“With a Vagina Museum, all people can learn that there is nothing shameful or offensive about vaginas and vulvas”

BY ANEZKA TUREK. PHOTOS NICOLE RIXON.

In November, Camden Market is set to open its doors to a brand-new phenomenon – The Vagina Museum – the first and only charity in the UK with “vagina” in its name.

About time too, don’t you think?

But what is The Vagina Museum? Well, it’s pretty self-explanatory really. The brand new attraction will include just about everything you need to know about vaginas. (Finally!)

Founder Florence Schechter pictured outside Camden Market, 2019

As stated by leader of Camden Council, Georgia Gould: “Camden has a proud and radical history of challenging prejudice and orthodoxy.

“The stigma associated with talking about gynaecological health has meant ignorance, confusion, shame and poor medical care for too many.”

It’s this stigma that demonstrates the importance of the museum, with a huge 65% of 16-25-year olds having a problem with even using the words “vagina” or “vulva” and a reported 50% of men feeling uncomfortable chatting about gynaecology-related issues with a female partner.

Creating a “bricks and mortar” museum dedicated to vulvas of all shapes and sizes has the potential to encourage those who attend to recognise that there is nothing shameful about our bloody lovely vaginas.

Maybe then the 26.7% of people, “too embarrassed to attend a cervical screening,” (Jo’s Trust 2017) would feel less ashamed to do so.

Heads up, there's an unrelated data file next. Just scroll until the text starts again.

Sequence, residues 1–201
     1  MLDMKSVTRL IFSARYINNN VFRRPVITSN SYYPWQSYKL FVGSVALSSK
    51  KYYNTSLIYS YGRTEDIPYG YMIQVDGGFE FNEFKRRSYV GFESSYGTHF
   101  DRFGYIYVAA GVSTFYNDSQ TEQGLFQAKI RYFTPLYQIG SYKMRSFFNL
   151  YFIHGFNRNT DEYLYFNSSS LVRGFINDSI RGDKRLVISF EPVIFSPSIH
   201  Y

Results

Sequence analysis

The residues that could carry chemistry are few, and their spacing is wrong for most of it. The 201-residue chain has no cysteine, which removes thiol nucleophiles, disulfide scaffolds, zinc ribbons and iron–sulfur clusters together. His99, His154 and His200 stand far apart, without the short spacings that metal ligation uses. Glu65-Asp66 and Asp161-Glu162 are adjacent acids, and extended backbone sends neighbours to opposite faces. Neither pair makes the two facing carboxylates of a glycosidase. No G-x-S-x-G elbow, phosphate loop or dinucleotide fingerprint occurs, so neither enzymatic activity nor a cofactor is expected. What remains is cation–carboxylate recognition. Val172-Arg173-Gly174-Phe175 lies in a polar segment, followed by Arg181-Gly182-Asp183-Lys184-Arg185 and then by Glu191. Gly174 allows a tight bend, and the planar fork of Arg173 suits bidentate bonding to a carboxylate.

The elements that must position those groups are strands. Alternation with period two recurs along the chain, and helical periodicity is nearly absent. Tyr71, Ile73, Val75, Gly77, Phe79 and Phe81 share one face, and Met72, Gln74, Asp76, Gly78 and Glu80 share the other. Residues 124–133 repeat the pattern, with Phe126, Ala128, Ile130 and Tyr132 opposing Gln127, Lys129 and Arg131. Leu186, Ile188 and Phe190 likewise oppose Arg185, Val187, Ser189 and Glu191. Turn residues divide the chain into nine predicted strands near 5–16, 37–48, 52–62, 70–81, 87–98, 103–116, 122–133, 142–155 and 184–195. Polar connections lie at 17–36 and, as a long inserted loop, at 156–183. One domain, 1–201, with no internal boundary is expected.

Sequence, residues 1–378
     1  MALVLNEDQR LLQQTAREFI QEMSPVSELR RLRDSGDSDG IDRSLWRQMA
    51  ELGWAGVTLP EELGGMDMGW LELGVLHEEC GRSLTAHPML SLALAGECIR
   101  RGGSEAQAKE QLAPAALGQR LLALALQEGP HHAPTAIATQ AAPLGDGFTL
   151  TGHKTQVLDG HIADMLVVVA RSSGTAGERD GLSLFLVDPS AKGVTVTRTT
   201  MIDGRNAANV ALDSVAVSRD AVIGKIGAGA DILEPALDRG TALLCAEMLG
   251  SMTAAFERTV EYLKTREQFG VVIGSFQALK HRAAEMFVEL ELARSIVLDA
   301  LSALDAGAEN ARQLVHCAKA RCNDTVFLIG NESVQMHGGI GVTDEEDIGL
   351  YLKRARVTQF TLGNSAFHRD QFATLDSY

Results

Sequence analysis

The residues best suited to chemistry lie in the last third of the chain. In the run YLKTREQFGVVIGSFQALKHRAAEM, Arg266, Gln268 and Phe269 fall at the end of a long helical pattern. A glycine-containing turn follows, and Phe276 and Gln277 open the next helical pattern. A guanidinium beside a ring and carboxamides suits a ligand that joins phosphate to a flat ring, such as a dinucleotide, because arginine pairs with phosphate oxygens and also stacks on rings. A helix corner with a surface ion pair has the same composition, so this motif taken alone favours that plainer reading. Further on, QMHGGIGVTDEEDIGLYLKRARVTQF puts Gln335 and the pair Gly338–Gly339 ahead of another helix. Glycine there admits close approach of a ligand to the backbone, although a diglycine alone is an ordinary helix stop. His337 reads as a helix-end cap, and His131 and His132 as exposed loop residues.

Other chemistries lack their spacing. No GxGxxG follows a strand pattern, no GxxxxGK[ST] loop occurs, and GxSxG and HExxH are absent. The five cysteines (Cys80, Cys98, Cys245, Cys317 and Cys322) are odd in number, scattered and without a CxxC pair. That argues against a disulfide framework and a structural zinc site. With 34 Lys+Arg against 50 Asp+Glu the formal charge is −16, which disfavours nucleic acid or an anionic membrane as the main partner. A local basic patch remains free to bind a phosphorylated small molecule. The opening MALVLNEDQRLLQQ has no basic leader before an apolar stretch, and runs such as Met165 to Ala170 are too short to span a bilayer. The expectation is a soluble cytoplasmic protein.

In this case – and now for a sentence I’d never thought I’d say – could a vagina-dedicated museum save lives? Definitely. 

“As a trans person I know how much the world is obsessed with my neo-vagina but also how little the world actually knows about my neo-vagina, all that means is intrusion without safety or empowered pleasure,” explains writer and campaigner for trans rights, Juno Roche.

“The more we celebrate all vaginas; their beauty, their pleasure, their sheer brilliance, then, the more sex and body positivity and safety we create.”

The existence of such a museum would also mean an outreach programme providing support for the trans and intersex community, as well as an events programme that would include, workshops, comedy nights and performances for all.

Sounds good, right? So, it’s time to whip out a pad (pun intended) and jot this down.

In order to help museum director Florence Schechter open the glorious Vagina Museum to its full potential, a Crowdfunder has been created.

Think you could help? Click here to read more – and don’t forget to spread the wonderfully vulva-shaped word while you’re at it.

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